Challenge #5: Kill Every Man, Woman, and Child vs. Do Not Murder
Killing is a major theme throughout the Bible. It is prominent physically in the Old Testament, but life and spiritual death are more prominent in the New Testament (until Revelation!). The word “kill” is used 320 times in the whole Bible. The word “death” is used 466 times. It is not, however, outnumbered by “life”, which is used 555 times, or “live”, which is used 987 times. While death is a major theme—not to mention an inescapable fact of existence—it does not seem to be as major a theme as life.
So a quick response to “Why is the Bible so obsessed with death?” is “Why is it even more obsessed with life?” A similar paradoxical question is “Why is there so much bad in the world?”—to which an appropriate response might be, “Why is there so much good?” We often have a hard time telling what is good and what is bad in grand scheme of things. Experiences that we thought were bad turned out to be something we needed to develop us into who we were supposed to be—and that is on a fairly finite scale. Similarly, how do we know the difference between what is lawfully beneficial killing and what is not.
Assuming that God exists and has an all-knowing nature and an ultimate plan, he would theoretically be the only one to truly know when a killing is necessary, lawful, and beneficial for His desired ends. Therefore, killing done at the command of God is not unlawful, like murder is. The command to people is to not murder—do not take a life without legal provisions. The chief legal provision is at the command of God. I realize that this might sound a little bit circular, but it truly is the groundwork for the system.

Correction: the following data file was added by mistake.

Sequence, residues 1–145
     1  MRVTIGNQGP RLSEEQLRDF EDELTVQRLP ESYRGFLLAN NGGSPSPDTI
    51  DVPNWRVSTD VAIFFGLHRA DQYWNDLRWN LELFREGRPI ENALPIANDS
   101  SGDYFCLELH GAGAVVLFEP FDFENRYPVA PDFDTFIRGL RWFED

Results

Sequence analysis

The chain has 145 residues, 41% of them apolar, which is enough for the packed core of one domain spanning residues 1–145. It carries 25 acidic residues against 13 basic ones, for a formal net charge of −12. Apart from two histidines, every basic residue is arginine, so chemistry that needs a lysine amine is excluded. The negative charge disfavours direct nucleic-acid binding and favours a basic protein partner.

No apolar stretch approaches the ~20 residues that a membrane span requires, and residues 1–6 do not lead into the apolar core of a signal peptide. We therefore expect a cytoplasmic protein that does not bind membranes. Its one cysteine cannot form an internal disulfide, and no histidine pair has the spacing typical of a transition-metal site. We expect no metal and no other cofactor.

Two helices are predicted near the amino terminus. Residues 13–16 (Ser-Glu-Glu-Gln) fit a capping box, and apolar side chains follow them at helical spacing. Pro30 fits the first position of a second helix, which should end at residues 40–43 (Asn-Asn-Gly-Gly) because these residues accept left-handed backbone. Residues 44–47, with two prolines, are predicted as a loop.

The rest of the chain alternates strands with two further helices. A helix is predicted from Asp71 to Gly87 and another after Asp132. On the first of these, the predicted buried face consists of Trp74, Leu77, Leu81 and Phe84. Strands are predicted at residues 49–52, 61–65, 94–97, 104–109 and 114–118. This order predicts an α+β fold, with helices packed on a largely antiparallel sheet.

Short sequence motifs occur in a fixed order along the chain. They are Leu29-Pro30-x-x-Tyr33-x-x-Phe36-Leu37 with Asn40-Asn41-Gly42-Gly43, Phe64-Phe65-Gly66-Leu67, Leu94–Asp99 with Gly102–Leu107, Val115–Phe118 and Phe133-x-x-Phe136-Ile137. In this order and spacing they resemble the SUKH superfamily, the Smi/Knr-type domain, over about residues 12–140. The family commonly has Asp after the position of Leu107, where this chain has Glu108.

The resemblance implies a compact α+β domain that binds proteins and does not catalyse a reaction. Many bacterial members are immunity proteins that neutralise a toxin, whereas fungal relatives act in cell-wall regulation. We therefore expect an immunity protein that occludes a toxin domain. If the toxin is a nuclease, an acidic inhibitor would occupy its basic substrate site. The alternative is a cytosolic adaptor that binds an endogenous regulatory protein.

Consider Governments: they have the right to enact the enforcement of laws. Somebody that dies by death penalty is not murdered, but, rather, dies lawfully. Some systems are better than others. For example, if a government enacts Sharia Law a person may be put to death for openly converting from Islam to Christianity. Would that death, though lawful according to that nation, be considered murder? I believe it would be murder; but the guilty party would be the one enacting the law. Israel’s government, especially under Moses, Joshua, and the God-fearing judges, was a theocratic society—meaning God was the king, lawmaker, and commander in chief. There is no parallel society today, nor do I think that any society is supposed to be like that today.
God would, of course, be the best lawmaker. But, make no mistake; he made laws in order to achieve what He was purposing for that time. Therefore, many of things that were enacted were not specifics for all societies at all times. God, through the Old Testament society was developing a theme of the coming Christ. Part of what was had to take place in order for the perseverance of the nation of Israel was harsh and brutal battles. It was the nature of that portion of the world to fight for land and dominion (it’s always been that way). Unless Israel responded it would get absorbed into the other cultures. In that case, the Messiah would have had little to no context in which to arrive. Furthermore, God would not have kept up His end of the bargain to preserve Israel. And if He didn’t preserve physical Israel, it would be rather hard to trust Him to preserve the New Israel, spiritual Israel. If God is as a Father to the people He chose to reveal Himself through, then He would desire to protect them. Protection was not a passive exercise for the people. It meant being on the defensive and going on the offensive at times.